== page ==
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Colorful CIA

Big Brother's major bid for minorities

By Bob Harris

MY BUDDIES MATT and Heidi recently sent along an interesting Help Wanted ad, occupying almost a whole page of the October Ebony magazine.

The ad promises the "ultimate overseas experience . . . for the extraordinary individual" possessing "an adventurous spirit, a forceful personality, and the highest degree of integrity."

It's a want ad from the CIA.

That's right--the Central Intelligence Agency has begun openly recruiting from U.S. minority communities for covert operations in the Third World. Right there in Ebony, the CIA bluntly states: "We are particularly interested in candidates with backgrounds in Central Eurasian, East Asian, and Middle Eastern languages . . . foreign language proficiency, previous residency abroad are pluses."

And they're not recruiting for the semi-respectable part of intelligence--the grunt work of reading foreign newspapers, developing contacts, then assembling and analyzing the data so our leaders can make informed decisions. The Ebony ad is for what the CIA calls "Clandestine Service" --the breaking-laws-and-overthrowing-leaders stuff that can start wars--or as the CIA describes it: "a way of life that will challenge your deepest resources . . . including fast-moving, ambiguous and unstructured situations."

Um, that's one way of putting it, I guess.

Sounds good to you? Great. Sign yourself right up, although you'll first have to pass a psychiatric exam, a polygraph interview, and a thorough background check. So if you don't mind asking the CIA to crack open your head and examine your life with a fine-toothed comb, go for it.

There is one catch: The starting salary is only about $40K. So forget any daydreams about Sean Connery and Jill St. John sipping claret on a yacht off Capri. Picture yourself more like, oh, Tom Arnold driving a Skoda around the potholes of Bratislava. And imagine a minority Tom Arnold, since the CIA already has plenty of white people.

Still interested? Just send the CIA your résumé. And if you forget the return address, don't worry. If they want you, they'll find you.

I OFTEN RESEARCH these little tirades on the Internet.

Unfortunately, some folks think the Net is only gossip and pornography, but that's just what they show on TV--which is itself mostly gossip and pornography. So there you are.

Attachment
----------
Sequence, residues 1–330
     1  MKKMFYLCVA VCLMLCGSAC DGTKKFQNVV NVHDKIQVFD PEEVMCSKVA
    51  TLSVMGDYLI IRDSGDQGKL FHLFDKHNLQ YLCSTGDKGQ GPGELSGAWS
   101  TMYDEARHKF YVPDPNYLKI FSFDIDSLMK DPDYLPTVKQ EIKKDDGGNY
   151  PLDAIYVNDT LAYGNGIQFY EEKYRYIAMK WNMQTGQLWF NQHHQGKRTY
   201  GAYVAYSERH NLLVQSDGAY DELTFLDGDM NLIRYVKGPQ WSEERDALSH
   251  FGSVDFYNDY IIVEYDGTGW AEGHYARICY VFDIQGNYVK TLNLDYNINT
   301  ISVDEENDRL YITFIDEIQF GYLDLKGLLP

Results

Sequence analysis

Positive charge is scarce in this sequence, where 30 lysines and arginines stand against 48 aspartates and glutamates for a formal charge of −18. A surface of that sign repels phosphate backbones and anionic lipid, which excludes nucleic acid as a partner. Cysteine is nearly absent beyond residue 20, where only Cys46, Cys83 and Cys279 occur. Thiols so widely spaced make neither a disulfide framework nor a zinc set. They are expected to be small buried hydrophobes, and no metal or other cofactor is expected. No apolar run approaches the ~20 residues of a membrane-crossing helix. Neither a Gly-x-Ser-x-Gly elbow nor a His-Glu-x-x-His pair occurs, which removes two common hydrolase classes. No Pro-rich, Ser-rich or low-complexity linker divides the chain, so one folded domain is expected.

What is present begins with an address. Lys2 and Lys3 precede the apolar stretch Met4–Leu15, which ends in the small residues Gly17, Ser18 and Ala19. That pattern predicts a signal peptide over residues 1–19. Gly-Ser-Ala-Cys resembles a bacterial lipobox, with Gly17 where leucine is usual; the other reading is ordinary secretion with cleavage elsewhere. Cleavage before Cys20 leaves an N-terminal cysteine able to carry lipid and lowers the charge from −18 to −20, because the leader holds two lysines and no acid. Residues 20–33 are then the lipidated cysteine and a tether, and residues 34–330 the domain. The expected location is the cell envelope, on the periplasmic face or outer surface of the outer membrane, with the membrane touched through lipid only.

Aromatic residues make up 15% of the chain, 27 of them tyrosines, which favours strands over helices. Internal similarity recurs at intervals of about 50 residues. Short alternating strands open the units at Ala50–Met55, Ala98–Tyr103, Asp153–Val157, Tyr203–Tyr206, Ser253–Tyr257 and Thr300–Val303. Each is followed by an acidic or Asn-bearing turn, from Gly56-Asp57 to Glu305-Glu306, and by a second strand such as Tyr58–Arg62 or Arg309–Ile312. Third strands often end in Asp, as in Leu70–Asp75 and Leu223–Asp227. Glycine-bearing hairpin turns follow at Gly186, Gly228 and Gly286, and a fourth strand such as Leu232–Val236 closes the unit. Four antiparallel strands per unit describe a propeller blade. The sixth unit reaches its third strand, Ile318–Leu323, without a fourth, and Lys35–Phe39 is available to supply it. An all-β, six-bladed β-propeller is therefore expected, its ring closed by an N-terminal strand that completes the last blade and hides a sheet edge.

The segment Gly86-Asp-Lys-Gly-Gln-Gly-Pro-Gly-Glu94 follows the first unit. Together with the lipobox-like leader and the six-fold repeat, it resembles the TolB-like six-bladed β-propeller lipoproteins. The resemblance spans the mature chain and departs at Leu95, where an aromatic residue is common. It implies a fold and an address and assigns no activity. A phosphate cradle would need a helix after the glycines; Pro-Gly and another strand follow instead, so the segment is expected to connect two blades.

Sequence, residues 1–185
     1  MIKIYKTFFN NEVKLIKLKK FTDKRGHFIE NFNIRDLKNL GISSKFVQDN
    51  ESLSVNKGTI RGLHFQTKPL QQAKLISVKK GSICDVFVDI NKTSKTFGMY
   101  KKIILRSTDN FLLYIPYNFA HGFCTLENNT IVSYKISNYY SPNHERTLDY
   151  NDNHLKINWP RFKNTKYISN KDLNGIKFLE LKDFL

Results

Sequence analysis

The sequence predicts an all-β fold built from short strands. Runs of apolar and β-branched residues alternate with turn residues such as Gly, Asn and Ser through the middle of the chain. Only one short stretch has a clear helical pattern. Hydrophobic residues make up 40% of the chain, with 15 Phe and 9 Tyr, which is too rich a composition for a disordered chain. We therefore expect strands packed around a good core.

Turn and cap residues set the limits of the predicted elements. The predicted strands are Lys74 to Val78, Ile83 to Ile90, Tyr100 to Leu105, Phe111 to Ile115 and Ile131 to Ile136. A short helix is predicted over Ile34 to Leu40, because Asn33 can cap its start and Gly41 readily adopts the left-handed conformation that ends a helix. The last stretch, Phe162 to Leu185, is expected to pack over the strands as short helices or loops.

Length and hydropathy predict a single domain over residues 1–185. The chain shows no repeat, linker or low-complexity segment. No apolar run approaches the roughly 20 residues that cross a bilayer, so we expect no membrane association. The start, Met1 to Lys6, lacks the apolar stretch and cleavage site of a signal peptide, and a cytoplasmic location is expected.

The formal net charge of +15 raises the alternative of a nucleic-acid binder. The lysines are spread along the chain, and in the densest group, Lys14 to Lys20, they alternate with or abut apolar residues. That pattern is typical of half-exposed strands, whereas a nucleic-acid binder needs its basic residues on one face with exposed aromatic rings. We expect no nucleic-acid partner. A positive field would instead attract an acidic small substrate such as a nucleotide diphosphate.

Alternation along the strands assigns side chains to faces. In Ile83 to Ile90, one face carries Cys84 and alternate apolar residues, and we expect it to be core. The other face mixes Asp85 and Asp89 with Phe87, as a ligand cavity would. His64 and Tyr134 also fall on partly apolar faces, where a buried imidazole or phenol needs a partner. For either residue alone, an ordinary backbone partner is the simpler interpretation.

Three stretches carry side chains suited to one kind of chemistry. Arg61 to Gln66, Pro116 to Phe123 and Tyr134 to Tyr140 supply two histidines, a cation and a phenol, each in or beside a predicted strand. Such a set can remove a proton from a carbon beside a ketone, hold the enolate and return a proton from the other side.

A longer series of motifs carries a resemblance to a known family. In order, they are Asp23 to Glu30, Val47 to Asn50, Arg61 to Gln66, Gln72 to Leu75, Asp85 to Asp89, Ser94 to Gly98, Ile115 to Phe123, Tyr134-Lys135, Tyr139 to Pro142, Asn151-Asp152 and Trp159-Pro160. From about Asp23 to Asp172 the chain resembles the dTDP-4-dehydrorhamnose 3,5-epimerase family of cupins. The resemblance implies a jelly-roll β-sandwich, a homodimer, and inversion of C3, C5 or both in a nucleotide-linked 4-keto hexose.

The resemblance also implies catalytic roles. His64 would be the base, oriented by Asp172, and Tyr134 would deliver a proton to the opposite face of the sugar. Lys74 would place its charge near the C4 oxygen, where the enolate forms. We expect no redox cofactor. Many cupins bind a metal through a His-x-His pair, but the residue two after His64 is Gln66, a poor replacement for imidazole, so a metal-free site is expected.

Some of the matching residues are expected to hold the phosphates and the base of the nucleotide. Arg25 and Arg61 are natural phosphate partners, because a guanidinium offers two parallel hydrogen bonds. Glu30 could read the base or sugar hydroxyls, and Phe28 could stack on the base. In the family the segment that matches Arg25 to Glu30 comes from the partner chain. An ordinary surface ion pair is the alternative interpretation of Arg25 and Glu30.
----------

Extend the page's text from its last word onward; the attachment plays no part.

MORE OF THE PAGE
Actually, most every major newspaper is online. So are reference libraries on everything from high-energy physics to Shakespeare. Hey, you want to know who paid for your senator's latest campaign? You can find out online in a matter of minutes.

And the best part is you can use computerized search engines to do most of the work. You type a few words summarizing what you're looking for, and in seconds, bang! you're there.

I've always been a little curious to see what other people are searching for: serious stuff or pictures of Jenny McCarthy fondling a tractor? As of last week, one search engine, Metacrawler, now has an option where you can sit back and watch other people's search requests go by.

I took a peek. It's really cool.

The first search I saw was for "Wallflowers tour dates"--OK, that's the band headed by Bob Dylan's son. Respectable enough. Then came "Volvo 240 plug gap"--some rich guy is tuning up his car. Hey, this feels like an eavesdropping version of Jeopardy! Next was "Tiger Woods and Buddhism"--hmm.

I don't see the connection. Sounds like an Al Gore fundraiser.

Yeah, people do look for naked pictures, maybe one search in 10. Somebody out there the morning I was tuned in had a major thing for "Dawn Wells," Mary Ann from Gilligan's Island. Somebody needs to find something to do.

But the good news is that's precisely what most of the planet seems to be up to--and I do mean the planet. In less than five minutes, I also saw searches for "École ingénieur" (French for "school engineer"); "trabajo y secretaria" (Spanish for "job and secretary"); and "Stahleisenprüfblatt Arbeit," which I think is German for "sheet metalworking job" (or maybe it's some kind of foamy lager; mein Deutsch ist sehr furchtbar).

Granted, this polyglot job quest might indicate the global economy ain't all it's cracked up to be, but that's another story.

The point is, most people do seem to be using the Internet responsibly.

Now if only we could use TV and other media the same way.

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From the Nov. 6-12, 1997 issue of the Sonoma County Independent.

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